Part I

– Frequently when I tell people I create mobile applications for a living they respond with their own idea for a mobile app. I see they are brimming with questions – more than they can articulate. Where to begin… what’s involved, how to find developers, how much does it cost. I’m happy to answer these questions – I love what I do and I love to talk about it. It occurs to me however what might be of more use is to supply a link with answers to the more common questions. The following article serves this purpose.


First things first, let’s enumerate the¬†three avenues for¬†creating content for mobile – Mobile aware web, Hybrid Applications, and Native Applications.

Mobile aware web

Simply put this is any website that takes steps to render differently for the smaller screen size of mobile devices. This is commonly referred to as “responsive design” – the site responds and adapts to different screens sizes. In general the site will become more compressed and elongated. Menu’s will be collapsed into what is sometimes called a “hamburger menu” (three horizontal lines denote the menu), mobile friendly graphics will be substituted, and the site is reviewed for any features that do not display appropriately on a small screen. There are various frameworks that help with this process taking some of the work required away from developers and designers – a prime example, Twitter’s Bootstrap framework. This site is an example of a mobile aware website, a custom wordpress theme done with Bootstrap. The format changes considerably for display on a mobile device. All sites should give at least some consideration to responsive design within the bounds of available resources and the likelihood of consumption on mobile.

Hybrid Applications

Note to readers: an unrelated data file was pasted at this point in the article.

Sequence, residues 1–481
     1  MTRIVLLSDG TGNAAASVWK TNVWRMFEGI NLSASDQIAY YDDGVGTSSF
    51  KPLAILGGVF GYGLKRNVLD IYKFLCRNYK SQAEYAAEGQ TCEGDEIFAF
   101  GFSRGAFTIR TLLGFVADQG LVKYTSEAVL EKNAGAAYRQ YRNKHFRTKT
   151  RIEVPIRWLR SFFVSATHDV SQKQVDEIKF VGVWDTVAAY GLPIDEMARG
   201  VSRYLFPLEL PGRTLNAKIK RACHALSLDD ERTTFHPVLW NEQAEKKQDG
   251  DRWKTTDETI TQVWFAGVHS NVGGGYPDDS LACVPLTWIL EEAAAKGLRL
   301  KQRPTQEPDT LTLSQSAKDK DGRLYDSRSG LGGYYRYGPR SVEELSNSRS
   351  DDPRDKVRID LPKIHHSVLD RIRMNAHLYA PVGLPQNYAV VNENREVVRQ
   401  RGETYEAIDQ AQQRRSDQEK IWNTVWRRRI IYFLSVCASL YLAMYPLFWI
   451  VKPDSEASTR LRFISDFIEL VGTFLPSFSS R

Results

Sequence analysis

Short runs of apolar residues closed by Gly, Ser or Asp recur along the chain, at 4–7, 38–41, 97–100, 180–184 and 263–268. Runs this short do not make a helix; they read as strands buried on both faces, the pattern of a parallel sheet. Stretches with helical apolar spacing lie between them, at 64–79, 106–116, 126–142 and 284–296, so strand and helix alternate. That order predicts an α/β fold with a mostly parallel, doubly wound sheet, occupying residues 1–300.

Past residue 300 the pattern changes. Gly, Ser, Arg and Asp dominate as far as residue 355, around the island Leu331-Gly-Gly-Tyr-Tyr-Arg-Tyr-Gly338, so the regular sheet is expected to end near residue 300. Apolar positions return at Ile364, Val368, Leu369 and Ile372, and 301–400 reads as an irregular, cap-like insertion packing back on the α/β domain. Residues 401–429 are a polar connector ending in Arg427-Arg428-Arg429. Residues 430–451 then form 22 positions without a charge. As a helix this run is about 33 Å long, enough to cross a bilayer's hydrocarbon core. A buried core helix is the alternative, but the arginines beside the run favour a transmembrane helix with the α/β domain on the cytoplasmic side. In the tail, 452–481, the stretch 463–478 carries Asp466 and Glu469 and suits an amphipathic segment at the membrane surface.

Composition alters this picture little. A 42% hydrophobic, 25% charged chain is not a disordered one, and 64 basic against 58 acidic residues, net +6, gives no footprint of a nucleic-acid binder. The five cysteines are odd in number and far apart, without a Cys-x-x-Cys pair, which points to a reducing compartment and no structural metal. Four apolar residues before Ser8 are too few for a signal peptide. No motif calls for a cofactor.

The quickest way to describe hybrid is to say it’s like a mini-website running locally on the mobile device. It may make use of content external to the phone but strictly speaking a hybrid application does not require a connection to the internet to run. Hybrid applications are installed on the device and are downloaded from the app stores. As such hybrid applications must undergo the same submission and review process as native applications. Hybrid applications allow for the use of web development skills and techniques like CSS, Javascript, and Html to create an app and frequently have a shorter development cycle then native applications. They do this by putting a “layer of web” in-between the developer and the device. There are numerous frameworks that facilitate the creation of hybrid application with the most well known being Phone Gap. Some of these frameworks claim they produce native applications – this is not true. The application runs natively on the phone (it is not web based) but it is not a native application. A native application is created by interacting directly with the mobile platform – Android, iOS, Windows Phone. Hybrid applications talk to a middleware that wraps communication with the platform and exposes a subset of functionality that can be manipulated using web methodologies (css, javascript, html). As such a hybrid application will always be slower and will always have a smaller feature set available. You can extend the feature set available but that requires writing native code to add those features to the middleware – more or less defeating the purpose of developing a hybrid app. I do not mean to imply hybrid applications are innately inferior to native application – not at all. Rather, it is simply a question of the right tool for the right job. If you’re looking for high performance, if you need custom and/or platform specific features, or if you find yourself with need to extend the middleware you may want to consider developing a native application from the start.